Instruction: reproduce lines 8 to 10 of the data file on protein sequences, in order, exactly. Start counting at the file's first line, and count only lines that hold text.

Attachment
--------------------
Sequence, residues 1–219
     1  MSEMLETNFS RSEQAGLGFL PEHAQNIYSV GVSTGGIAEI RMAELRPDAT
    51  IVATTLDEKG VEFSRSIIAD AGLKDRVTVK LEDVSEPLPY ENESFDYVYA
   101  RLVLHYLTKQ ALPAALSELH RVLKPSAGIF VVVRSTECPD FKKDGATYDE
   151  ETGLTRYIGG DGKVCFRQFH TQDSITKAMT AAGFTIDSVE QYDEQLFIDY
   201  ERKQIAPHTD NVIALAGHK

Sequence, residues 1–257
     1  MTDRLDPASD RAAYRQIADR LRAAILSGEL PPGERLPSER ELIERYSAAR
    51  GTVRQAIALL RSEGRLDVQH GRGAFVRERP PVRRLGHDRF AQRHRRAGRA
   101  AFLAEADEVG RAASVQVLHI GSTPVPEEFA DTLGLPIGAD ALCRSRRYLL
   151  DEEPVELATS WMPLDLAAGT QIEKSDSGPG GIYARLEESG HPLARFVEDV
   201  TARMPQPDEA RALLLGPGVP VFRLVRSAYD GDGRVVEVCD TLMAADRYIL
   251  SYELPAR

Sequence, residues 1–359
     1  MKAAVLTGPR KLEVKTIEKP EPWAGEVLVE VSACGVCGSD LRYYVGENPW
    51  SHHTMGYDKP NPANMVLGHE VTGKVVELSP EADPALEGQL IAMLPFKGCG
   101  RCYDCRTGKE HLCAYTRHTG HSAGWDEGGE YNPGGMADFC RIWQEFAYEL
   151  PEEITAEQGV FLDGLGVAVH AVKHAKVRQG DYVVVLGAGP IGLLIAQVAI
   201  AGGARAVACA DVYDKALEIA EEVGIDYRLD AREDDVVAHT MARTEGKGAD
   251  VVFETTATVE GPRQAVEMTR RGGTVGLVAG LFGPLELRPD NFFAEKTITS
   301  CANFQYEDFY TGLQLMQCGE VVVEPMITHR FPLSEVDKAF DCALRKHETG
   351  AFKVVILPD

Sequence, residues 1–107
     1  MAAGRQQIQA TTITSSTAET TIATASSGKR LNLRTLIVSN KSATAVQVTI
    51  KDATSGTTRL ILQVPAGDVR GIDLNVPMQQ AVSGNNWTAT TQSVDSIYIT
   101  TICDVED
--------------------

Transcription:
     1  MTDRLDPASD RAAYRQIADR LRAAILSGEL PPGERLPSER ELIERYSAAR
    51  GTVRQAIALL RSEGRLDVQH GRGAFVRERP PVRRLGHDRF AQRHRRAGRA
   101  AFLAEADEVG RAASVQVLHI GSTPVPEEFA DTLGLPIGAD ALCRSRRYLL